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Marian Catholic honors Dave Mattio

Dave Mattio with his wife Jody by his side is honored halftime game between Marian Catholic Carmel. Mattio retired after

Dave Mattio, with his wife, Jody, by his side, is honored at halftime of the game between Marian Catholic and Carmel. Mattio retired after coaching the Marian football team for 37 years. | Gary Middendorf~For Sun-Times Media

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Updated: January 10, 2013 6:29AM



Dave Mattio is going to Disney World.

The venerable Marian Catholic football coach hung up the cleats after 37 years as head coach and former players and Spartans alums sent him off with a rousing ceremony Friday.

Mattio was honored at halftime of the Marian-Carmel basketball game, joined on the court by his wife, Jody. Dave Bruni presented the couple with an all-expenses paid gift package to Disney World as Mattio’s former players formed a circle around the coach and gave him a huge ovation.

“This has all come full circle for me,’’ Mattio said. “This is not a celebration of the individual. It is a celebration of all of these guys and how they made this a great program.’’

Mattio also received a proclamation from the Illinois House of Representatives in appreciation of his service to the school.

“We got wind of his retirement and we said that we have to do something for somebody who did so much for us,’’ Bruni said. “We sent out emails about five weeks ago and this thing just grew so fast.’’

The highlight of Mattio’s coaching career was his 1993 Class 4A state championship team. The middle linebacker on that team was Jerry Verde, who went on to lead Crete-Monee to a state championship as its head coach this year.

“I don’t think Dave is an old-school or a new-school coach,’’ Verde said. “It’s about caring for kids and wanting kids to succeed and that is just genuine. A lot of what I do as a coach comes from him. He held the kids accountable and he made kids take ownership of their teams.’’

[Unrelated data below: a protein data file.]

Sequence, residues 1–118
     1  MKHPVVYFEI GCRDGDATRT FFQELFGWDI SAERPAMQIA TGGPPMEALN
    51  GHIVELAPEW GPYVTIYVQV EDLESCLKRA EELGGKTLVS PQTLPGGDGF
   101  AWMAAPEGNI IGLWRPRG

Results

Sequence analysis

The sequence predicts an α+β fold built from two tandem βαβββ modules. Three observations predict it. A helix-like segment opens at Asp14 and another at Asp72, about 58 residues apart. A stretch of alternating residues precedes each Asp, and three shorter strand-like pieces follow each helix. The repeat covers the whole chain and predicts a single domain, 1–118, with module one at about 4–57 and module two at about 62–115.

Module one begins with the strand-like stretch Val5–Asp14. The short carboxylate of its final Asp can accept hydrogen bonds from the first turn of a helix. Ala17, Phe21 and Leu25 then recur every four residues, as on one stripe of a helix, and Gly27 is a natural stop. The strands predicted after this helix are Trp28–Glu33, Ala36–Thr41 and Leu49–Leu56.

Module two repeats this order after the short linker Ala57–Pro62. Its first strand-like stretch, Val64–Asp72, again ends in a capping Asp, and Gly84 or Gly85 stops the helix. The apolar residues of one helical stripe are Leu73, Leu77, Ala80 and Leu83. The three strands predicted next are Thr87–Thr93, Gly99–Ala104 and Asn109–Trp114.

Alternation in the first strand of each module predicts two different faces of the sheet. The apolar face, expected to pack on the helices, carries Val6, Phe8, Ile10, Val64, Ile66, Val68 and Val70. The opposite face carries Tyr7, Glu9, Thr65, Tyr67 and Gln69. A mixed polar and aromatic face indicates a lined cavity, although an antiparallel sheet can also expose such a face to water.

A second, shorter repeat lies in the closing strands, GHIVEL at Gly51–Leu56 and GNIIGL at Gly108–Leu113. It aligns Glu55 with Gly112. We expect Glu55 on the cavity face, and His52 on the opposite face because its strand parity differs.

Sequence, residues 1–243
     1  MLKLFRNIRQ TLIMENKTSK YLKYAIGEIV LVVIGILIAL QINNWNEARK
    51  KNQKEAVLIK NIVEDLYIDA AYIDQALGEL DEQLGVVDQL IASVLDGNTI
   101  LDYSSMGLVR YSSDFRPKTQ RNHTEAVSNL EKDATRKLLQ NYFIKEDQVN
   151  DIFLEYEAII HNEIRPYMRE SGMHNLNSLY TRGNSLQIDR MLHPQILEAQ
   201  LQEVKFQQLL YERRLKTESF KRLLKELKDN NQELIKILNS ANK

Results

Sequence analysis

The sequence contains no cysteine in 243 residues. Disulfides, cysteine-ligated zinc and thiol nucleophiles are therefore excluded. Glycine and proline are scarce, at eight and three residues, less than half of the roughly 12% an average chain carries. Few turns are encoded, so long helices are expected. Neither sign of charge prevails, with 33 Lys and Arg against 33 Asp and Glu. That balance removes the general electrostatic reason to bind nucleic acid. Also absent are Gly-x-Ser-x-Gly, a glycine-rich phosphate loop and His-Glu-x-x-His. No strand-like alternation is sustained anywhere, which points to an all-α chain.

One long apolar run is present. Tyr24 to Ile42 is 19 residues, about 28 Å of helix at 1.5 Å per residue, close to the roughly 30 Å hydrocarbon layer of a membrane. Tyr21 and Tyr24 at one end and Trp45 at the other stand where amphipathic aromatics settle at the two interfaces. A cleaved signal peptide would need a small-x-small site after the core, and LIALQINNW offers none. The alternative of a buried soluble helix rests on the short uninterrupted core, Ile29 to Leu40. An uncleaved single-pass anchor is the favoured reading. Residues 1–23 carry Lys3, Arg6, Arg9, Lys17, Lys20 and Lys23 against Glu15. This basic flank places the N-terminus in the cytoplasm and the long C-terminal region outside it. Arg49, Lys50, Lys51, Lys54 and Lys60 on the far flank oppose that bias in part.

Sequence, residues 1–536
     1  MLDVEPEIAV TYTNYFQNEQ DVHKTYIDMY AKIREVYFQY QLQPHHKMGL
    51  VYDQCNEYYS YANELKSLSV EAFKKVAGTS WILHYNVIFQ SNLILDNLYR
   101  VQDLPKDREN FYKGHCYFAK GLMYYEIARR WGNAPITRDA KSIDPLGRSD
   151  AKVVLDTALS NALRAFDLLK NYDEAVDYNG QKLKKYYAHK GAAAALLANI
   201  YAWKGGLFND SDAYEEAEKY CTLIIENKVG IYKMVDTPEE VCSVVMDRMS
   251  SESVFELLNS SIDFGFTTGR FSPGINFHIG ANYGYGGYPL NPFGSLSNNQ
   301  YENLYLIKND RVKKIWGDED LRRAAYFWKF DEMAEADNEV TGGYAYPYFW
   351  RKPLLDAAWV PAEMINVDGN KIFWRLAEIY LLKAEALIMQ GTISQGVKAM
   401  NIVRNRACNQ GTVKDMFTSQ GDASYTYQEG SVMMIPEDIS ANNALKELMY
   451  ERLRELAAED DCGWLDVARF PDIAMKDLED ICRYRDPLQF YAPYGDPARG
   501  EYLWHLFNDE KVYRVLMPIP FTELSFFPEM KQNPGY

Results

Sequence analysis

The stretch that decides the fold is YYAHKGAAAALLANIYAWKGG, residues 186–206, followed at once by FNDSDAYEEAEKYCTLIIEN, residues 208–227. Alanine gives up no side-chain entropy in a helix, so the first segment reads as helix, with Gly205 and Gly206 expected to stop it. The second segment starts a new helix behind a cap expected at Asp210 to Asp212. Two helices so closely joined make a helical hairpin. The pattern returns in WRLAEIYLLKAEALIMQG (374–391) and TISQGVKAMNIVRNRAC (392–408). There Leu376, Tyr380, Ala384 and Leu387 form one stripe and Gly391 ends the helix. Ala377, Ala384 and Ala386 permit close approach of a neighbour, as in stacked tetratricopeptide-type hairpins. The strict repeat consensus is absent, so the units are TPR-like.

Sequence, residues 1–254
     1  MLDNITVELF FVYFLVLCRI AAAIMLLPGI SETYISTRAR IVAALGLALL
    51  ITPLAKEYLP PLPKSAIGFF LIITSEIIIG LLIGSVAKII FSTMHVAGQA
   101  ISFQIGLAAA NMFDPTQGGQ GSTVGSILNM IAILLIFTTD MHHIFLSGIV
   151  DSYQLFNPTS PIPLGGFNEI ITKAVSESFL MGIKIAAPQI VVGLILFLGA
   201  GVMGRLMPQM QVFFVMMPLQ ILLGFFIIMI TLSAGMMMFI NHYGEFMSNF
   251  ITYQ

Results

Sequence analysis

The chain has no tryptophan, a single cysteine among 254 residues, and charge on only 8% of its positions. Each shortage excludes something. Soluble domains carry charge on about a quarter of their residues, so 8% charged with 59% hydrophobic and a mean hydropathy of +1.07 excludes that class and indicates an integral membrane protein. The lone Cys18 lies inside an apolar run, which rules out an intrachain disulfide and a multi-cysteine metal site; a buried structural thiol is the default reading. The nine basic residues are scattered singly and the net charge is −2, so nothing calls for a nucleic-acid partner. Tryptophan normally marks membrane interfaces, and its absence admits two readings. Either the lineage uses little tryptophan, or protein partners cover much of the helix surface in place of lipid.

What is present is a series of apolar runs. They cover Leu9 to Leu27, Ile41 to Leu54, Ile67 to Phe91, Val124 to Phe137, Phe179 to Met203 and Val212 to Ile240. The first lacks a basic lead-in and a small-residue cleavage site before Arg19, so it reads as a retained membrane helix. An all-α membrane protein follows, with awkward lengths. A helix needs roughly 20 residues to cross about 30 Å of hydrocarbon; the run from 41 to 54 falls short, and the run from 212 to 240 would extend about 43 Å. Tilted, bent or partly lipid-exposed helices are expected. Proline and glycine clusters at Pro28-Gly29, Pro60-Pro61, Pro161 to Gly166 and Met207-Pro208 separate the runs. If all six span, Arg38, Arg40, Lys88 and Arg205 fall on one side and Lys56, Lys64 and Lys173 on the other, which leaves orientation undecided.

Mattio sent four players to the NFL. Rodney Harrison, Mike Prior, Dennis Kelly and John Holecek all played in the professional ranks.

“He was always about principles and fundamentals,’’ said Holecek, Loyola’s football coach. “He always challenged me to be my best and got the most out of me. Over time, that built up my confidence. He was about principles and making strong men.’’

Randall Wells, who graduated this year, went on to the College of DuPage, where his team recently won a national championship.

“Coach showed me how to work hard out here,’’ Wells said. “He always stressed academics. If you didn’t have good grades, you weren’t going to play.’’

Mike Romeli is another of Mattio’s pupils who is now coaching. He leads the program at Plainfield East. The 2002 graduate also remembered Mattio as a coach who held kids accountable.

His senior year evoked a favorite memory for Romeli.

“He loved going to Florida every summer with his family,” Romeli said of Mattio. “The one trip he came back and he could barely walk. It didn’t stop him and he never let us know what happened. I found out later that he fell asleep in the sun with his whole body covered except for his feet, which got badly sunburned.’’

Hopefully, there’s suntan lotion in that gift package.



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